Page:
# NavList:

## A Community Devoted to the Preservation and Practice of Celestial Navigation and Other Methods of Traditional Wayfinding

**Re: Refraction at the horizon.**

**From:**George Huxtable

**Date:**2008 Mar 18, 17:17 -0000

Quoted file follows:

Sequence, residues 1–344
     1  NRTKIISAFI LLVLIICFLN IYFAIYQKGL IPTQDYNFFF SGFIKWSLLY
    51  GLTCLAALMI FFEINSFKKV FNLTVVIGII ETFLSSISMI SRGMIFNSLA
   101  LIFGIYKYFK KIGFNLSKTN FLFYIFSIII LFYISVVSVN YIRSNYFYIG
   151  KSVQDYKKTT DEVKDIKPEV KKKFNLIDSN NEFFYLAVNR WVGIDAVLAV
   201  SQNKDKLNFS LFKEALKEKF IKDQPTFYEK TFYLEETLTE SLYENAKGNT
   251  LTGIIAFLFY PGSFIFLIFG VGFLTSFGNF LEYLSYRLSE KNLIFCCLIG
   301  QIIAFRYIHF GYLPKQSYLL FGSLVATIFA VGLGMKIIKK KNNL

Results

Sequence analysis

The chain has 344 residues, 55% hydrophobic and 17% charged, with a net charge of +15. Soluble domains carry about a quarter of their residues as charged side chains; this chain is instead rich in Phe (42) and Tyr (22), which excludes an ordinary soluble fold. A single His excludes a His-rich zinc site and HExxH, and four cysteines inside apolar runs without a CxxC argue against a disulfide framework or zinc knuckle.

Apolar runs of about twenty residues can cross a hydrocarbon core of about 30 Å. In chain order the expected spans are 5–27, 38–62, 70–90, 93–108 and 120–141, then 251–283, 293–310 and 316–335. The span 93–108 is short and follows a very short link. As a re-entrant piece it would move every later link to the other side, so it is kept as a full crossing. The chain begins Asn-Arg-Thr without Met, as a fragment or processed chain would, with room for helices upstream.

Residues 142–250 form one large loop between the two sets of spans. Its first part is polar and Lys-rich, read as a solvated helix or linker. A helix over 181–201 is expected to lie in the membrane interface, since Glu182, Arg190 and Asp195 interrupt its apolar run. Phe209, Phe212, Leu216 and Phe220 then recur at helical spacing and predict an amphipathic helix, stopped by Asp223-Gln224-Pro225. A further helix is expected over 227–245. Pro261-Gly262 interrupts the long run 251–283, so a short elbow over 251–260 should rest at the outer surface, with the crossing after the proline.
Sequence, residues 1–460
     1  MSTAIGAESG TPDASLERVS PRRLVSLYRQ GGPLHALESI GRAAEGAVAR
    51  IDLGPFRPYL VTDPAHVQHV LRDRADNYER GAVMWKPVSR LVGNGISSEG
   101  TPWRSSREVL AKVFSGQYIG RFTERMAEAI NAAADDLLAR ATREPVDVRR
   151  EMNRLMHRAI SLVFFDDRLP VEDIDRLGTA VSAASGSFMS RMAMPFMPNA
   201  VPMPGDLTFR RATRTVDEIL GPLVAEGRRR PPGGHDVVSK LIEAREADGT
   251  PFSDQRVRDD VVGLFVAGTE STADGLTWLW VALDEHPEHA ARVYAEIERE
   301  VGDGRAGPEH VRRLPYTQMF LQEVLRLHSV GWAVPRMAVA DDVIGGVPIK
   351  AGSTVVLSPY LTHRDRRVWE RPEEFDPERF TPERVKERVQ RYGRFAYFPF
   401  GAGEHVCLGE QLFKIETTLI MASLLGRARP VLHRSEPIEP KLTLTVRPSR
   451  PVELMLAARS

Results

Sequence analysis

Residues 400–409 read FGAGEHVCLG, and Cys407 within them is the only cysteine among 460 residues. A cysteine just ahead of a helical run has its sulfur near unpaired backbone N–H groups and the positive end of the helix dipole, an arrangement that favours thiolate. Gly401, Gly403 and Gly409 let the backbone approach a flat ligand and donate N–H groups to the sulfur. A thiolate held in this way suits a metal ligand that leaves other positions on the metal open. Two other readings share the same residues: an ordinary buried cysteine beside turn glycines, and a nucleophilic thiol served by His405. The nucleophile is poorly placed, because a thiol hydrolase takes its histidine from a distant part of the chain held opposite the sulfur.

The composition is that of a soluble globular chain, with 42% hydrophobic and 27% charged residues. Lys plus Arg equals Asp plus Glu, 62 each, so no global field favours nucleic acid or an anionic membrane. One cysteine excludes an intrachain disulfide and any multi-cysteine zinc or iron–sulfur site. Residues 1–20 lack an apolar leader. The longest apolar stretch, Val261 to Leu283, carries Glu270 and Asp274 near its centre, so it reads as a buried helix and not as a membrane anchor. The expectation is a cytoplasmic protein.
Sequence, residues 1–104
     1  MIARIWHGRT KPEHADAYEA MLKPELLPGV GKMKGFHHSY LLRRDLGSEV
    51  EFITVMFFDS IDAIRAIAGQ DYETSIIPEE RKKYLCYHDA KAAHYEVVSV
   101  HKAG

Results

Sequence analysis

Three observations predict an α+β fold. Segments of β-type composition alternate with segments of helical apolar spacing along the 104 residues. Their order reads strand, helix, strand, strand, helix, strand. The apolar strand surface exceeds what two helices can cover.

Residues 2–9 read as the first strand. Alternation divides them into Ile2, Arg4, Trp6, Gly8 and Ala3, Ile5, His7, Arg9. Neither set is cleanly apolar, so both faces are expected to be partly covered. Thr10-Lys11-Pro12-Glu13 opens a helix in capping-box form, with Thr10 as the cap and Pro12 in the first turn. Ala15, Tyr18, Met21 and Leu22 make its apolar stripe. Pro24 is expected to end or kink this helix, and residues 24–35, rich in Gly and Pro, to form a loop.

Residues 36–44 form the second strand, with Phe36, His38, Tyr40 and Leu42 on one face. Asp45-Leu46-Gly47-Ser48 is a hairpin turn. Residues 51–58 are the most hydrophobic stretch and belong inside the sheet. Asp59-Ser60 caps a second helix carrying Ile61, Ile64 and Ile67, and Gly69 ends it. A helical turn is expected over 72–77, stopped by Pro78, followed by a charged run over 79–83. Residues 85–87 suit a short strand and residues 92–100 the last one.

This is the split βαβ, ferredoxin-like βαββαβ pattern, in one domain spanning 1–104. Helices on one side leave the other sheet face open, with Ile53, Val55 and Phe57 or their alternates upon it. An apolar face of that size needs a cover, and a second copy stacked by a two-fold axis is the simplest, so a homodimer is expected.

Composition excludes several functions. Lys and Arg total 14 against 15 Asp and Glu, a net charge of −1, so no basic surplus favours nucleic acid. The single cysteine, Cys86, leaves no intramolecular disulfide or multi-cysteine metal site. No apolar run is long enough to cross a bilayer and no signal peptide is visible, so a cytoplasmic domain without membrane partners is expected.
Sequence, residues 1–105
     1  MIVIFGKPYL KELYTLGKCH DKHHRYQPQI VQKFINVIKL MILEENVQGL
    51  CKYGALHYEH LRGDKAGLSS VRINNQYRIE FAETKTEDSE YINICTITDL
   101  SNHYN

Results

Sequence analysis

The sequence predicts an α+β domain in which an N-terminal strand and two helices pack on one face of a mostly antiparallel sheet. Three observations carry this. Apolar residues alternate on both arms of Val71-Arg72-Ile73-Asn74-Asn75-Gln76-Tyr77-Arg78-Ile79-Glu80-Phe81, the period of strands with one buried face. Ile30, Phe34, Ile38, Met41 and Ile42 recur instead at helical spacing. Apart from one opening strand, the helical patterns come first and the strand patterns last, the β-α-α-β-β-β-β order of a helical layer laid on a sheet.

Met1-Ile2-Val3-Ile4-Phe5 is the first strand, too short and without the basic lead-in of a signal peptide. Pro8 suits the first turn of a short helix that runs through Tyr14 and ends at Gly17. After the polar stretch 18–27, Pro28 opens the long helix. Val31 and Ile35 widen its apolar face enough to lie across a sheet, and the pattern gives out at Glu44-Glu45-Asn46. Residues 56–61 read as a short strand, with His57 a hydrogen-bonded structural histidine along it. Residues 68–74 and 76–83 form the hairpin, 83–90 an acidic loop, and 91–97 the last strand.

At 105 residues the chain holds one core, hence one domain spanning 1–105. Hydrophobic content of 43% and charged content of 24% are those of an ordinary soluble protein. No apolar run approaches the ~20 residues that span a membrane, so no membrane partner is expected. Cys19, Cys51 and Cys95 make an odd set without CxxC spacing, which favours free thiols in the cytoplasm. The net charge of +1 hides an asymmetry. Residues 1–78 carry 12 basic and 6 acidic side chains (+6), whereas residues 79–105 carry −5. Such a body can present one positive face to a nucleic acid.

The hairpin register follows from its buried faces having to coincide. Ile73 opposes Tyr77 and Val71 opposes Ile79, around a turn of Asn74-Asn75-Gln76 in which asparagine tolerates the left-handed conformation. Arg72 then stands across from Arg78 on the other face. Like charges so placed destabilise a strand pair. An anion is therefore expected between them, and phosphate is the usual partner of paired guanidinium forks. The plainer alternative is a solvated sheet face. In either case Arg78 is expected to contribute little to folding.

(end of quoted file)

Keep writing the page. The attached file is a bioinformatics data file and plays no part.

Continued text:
Marcel has let us watch his reasoning develop, which was interesting. But to explain a total refraction of only 16.3', as observed on one occasion from Mauna Kea, Hawaii, at 4205 m. altitude, in terms of the over-island refraction, is difficult, and it really needs no calculation to show that. Assume that the refraction over the ocean, on the way down to the horizon, is close to34', corresponding to the standard atmosphere And then add on another lesser, amount, to corresponding to the 100 miles or so path length over oceanic waters. I don't know how much to add for that, but those that are familiar with refraction integrals might offer some values for a standard atmosphere, where the integration up from the horizon has been truncated at certain heights, at say 1000 metre intervals. Anyway, an expected oceanic refraction to that altitude would be in the range of 40' to 50', at a guess. Then, after an over-island path of only 30 miles or so, the light arrives at Mauna Kea, by which point the total refraction was only 16.3'. If so, that would have to be explained by a highly NEGATIVE refraction over that 30 miles! That means the light would have to be bending concave-upwards, the opposite way to the usual, and by an enormous amount. That implies that the air density has to be INCREASING, and considerably so, as the altitude increases. The laws of physics tell us that air pressure can only decrease as the altitude increases, because there is less weight of air above pressing it down. And for the density to increase with altitude, requires a decreasing temperature, and by much more than the amount required to compensate for the pressure change. An unfeasibly unstable state of affairs! So something is wrong. What might that be? One possibility is a simple cock-up, in the sunset timing or in its calculation. Another might be that the over-ocean part of the refraction, on that evening, differed greatly from the expected value, to an extent that some pundits on this list would find hard to accept. ========================== In an earlier message (4717) Marcel wrote- "I investigated some time ago how the refraction at large zenith distance depend on changes in temperature and pressure at the observer and found at that time that those dependencies are quite exponential." Marcel, I have searched for some meaning in that sentence, but remain baffled by it. What on earth does "quite exponential" imply? A naive view is that the quantity (refractive index - 1), which defines refractive bend, is almost exactly proportional to air density. That is, to pressure, to the power +1, and to temperature, to the power -1. Is Marcel saying that isn't so? What does "quite exponential" mean in this context? George contact George Huxtable at george@huxtable.u-net.com or at +44 1865 820222 (from UK, 01865 820222) or at 1 Sandy Lane, Southmoor, Abingdon, Oxon OX13 5HX, UK. --~--~---------~--~----~------------~-------~--~----~ Navigation List archive: www.fer3.com/arc To post, email NavList@fer3.com To unsubscribe, email NavList-unsubscribe@fer3.com -~----------~----~----~----~------~----~------~--~---